Blood pressure and your child’s health

Blood pressure in children

Babies, children and young people usually have lower blood pressure than adults. They have different ranges that are considered healthy. These depend on:

  • how old they are
  • whether they are a boy or a girl
  • how tall they are.

Your child’s doctor or nurse will know the normal ranges of blood pressure for children who are the same age, sex and height as your child. They will let you know what your child’s blood pressure readings mean.

Keeping healthy

Your family can follow some tips to help keep your child’s blood pressure healthy. These include:

  • eating less salt
  • eating a healthy diet
  • staying active.

If your child has a kidney condition, your doctor or nurse will give you more information about how this affects blood pressure. Rarely, children need to take medicines to control their blood pressure.

Blood pressure and kidneys

Kidneys normally control blood pressure to help make sure it is at a healthy level. They do this by regulating how much salt and water is in the blood. If the kidneys are not working properly, they may not be able to control blood pressure well.

The kidneys and other parts of the body are involved in the renin-angiotensin system, which helps control blood pressure. There are two types of chemicals.

  • Enzymes speed up chemical reactions in the body.
  • Hormones are carried in the blood to send messages to other parts of the body. 

The renin-angiotensin system is very complicated, but it is important and works like this.

  • The kidneys release an enzyme called renin. The liver releases a hormone called angiotensin
  • Renin changes angiotensin into angiotensin I. When angiotensin I gets to the lungs, some of it is changed into angiotensin II by an enzyme called ACE (angiotensin-converting enzyme).
  • Angiotensin II causes the adrenal gland, which sits on top of the kidney, to release another hormone called aldosterone. Angiotensin II also causes the small blood vessels (arterioles) to constrict (squeeze), which raises blood pressure.
  • When blood flows into the kidney, the filters (glomeruli) remove most of the water and salts from the blood into long tubes (renal tubules). Some of the water and salts leave the kidney as urine, and some are taken back into the blood. The hormone called aldosterone causes more water and salt to be taken back into the blood, which raises blood pressure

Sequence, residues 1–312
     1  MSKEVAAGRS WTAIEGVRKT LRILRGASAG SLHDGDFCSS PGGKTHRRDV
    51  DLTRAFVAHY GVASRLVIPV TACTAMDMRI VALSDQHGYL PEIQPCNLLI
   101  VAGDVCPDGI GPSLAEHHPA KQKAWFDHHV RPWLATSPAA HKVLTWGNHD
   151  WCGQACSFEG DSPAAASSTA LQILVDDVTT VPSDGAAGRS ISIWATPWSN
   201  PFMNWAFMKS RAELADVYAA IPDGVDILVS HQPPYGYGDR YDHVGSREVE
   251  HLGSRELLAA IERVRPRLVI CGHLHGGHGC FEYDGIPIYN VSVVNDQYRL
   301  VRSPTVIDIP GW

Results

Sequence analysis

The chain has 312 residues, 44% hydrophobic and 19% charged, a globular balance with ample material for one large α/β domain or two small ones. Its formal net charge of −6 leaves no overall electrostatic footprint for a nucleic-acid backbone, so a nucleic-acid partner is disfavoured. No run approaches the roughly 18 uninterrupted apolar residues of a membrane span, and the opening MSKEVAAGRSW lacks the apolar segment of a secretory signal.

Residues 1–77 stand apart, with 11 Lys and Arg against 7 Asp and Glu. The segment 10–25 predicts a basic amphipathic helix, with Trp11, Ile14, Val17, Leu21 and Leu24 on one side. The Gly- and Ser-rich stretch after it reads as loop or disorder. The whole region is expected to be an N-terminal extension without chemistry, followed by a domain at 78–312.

Controlling blood pressure

It is important for your child’s health that his or her blood pressure is controlled so it is in a healthy range. Below are some tips you can follow as a family to keep your child’s blood pressure healthy. 

  • Reducing the amount of salt you eat can help to control blood pressure. Avoid eating or drinking lots of salted nuts, crisps, crackers, soft drinks, fast food meals, takeaways and processed foods (meals that are pre-prepared, including soups) – these often have more salt than we think. Do not add extra salt to meals that you cook, or at the dining table. 
  • Eat lots of fresh fruits and vegetables. Swap white bread, rice and pasta for whole-wheat varieties. Avoid food and drinks with lots of added sugar (including sweets, sugary cereals, high-sugar squash and fizzy drinks or sodas). Limit caffeine (which is found in coke drinks, tea and coffee). 
  • Most children should be physically active for at least 30 minutes a day. Encourage your child to get involved with sports and other activities where they are moving around.
  • It is important that your child has a healthy weight for his or her age. Children (and adults) who are overweight are more likely to develop high blood pressure.
  • If your child has a kidney condition, he or she may need to make more changes to what he or she eats and how much he or she drinks. A renal dietitian will help you with this.

More information

  • CKD: fluids and blood pressure

  • Meet a Renal Dietitian

    Leila is a Renal (Kidney) Dietitian at the Great North Children’s Hospital in Newcastle, where she works with children and families to help them understand how food, drink, and diet affect kidney disease.

  • Hypertension: treatment

    Living with hypertension: information about the medicines used to treat high blood pressure in children and how hypertension might affect other aspects of your family life.